Oko

Daemon

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Messages: 1,620

Which application do you advise for video chat?
This is one of the most frequently asked question and one of the most annoying question for a UNIX guy like myself to answer. The reason is following. OP asks the question about video chat application even though she/he is really asking for a proprietary Skype client. Namely for better of worse lousy Skype protocol has won the video/audio chat wars just like lousy VHS won similar battle in 1980s. The protocol is proprietary, closed source, and only the proprietary vendor can release the FreeBSD client for it. Proprietary vendor, in this case NSA pardon Microsoft, does that not out of goodness if its heart but because of the financial benefit or in this case so that the big brother can listen to your conversation.

Now lets for a second pretend that OP asked really about video/audio chat client. I come here and tell you that pjsua which is not ported to FreeBSD but works like a charm on OpenBSD is the best SIP video/audio client. No nonsense CLI, open source SIP protocol which is used as a building block for many top notch proprietary vidoe/audio clients were privacy is of concern. How will that benefit OP anyhow? Namely OP wants to talk to somebody. With probability 1 the other party is technically clueless and have heard only about Skype (maybe WebEx if it is a U.S. based business partner). How will the fact that pjsua is the best of the best (this is now direct link to the project)

http://www.pjsip.org/

benefit OP? It will not in any shape or form. FreeBSD or for that matter any BSDs are not commonly used as a desktop OS and not fully polished end products (Surprisingly Open is probably the most usable as Desktop OS). As such they are not target platform for any proprietary vendor which a scientific computing guy like me makes really sad (how wonderful would be to be able to use MATLAB on FreeBSD or GPU cards and ditch Red Hat). There is nothing that BSDs can do different to change this situation. So pull that smart phone of yours and just make a damn Skype call.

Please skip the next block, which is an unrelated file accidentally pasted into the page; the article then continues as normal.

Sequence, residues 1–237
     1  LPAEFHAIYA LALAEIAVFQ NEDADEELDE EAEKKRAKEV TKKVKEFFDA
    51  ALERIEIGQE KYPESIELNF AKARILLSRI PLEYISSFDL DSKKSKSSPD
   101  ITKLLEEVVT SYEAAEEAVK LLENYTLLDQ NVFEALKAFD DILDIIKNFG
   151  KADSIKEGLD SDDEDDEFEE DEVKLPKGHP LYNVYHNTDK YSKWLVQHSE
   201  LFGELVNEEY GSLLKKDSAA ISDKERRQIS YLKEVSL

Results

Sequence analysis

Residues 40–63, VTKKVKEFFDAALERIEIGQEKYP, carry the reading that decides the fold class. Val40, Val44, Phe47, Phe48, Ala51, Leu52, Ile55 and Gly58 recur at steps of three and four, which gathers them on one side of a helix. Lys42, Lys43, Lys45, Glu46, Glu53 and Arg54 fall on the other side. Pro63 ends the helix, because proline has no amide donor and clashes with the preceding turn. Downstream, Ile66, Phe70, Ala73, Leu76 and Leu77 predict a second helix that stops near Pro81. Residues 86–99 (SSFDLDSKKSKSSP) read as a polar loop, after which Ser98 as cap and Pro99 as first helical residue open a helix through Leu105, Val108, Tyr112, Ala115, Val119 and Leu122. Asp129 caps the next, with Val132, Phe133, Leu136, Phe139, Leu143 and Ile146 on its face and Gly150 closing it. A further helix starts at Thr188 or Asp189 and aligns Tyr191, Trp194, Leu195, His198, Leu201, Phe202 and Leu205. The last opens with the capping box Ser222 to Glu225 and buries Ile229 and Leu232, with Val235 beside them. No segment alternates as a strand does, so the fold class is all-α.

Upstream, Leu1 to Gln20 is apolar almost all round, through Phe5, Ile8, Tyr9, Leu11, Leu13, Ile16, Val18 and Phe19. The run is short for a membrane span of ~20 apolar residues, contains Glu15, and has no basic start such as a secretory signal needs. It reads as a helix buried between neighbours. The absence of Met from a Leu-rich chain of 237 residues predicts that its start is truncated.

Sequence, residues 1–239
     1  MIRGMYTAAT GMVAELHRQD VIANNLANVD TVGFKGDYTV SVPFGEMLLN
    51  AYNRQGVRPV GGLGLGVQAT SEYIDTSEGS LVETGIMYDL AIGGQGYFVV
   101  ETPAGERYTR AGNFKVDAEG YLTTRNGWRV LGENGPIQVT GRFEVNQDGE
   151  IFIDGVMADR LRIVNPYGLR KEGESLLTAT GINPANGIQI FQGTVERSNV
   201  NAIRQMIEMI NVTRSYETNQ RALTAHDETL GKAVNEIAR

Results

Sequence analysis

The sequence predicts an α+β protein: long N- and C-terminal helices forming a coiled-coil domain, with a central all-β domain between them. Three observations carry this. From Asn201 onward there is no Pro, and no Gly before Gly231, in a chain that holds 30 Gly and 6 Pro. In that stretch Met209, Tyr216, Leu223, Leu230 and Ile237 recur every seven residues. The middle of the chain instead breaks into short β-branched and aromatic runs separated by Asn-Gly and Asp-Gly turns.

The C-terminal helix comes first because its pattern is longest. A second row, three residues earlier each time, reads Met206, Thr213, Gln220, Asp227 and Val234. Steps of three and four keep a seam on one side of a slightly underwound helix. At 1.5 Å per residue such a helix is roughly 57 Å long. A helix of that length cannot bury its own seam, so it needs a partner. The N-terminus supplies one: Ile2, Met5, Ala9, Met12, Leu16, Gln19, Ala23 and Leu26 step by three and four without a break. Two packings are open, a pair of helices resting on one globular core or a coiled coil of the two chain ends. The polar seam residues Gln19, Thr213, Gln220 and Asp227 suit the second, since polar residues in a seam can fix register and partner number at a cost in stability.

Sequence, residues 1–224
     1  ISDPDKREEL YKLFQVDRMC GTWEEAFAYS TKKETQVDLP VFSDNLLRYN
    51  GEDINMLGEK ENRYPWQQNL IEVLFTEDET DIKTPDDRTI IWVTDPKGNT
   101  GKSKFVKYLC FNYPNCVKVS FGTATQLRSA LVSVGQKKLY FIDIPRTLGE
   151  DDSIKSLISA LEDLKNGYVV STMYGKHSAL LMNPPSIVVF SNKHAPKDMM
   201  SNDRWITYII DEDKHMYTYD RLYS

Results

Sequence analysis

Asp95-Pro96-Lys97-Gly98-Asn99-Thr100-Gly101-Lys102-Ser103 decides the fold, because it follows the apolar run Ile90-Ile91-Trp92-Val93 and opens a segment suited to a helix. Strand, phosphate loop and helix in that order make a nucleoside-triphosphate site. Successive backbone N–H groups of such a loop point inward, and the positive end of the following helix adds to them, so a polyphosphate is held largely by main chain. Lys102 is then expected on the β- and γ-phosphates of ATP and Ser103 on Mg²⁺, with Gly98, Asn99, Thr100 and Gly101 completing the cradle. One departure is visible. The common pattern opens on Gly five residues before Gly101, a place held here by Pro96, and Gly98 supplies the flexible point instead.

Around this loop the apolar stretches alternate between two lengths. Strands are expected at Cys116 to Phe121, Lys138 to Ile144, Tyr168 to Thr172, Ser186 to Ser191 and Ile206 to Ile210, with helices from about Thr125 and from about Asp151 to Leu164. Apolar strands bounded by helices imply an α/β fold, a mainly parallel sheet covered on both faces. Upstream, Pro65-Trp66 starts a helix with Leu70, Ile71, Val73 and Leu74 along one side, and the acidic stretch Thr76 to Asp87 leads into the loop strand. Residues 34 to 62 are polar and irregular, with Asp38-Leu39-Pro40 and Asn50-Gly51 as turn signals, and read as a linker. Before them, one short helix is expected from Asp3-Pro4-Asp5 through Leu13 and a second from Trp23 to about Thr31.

For the end of this long boring post I will tell you little story from this year BSDCan held in Ottawa. For some reason I got to share a room with one of OpenBSD alpha-males developers. First night I wanted to check on my kids who were at grandma's place in Cleveland U.S. and he wanted to do that with his kids in Germany. I pulled my Android phone and my Skype video call over WiFi well aware that every word will be recorded by NSA. He did the same with his kids in Germany fully aware of the lack of privacy. Did we feel bad about it? Not for a second. We have nothing to hide. We are just two fathers who were missing our kids. We used technically the easiest solution to accomplish the task. That evening we had a diner with bunch of other OpenBSD guys and they did the same while we discussed tor network and how to game the guys from the office next to mine who have 15 million grant from one of three letter agencies to hack into tor network.
 

Oko

Daemon

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I don't know anything about pjsua/pjsip, but I see a FreeBSD pjsip port.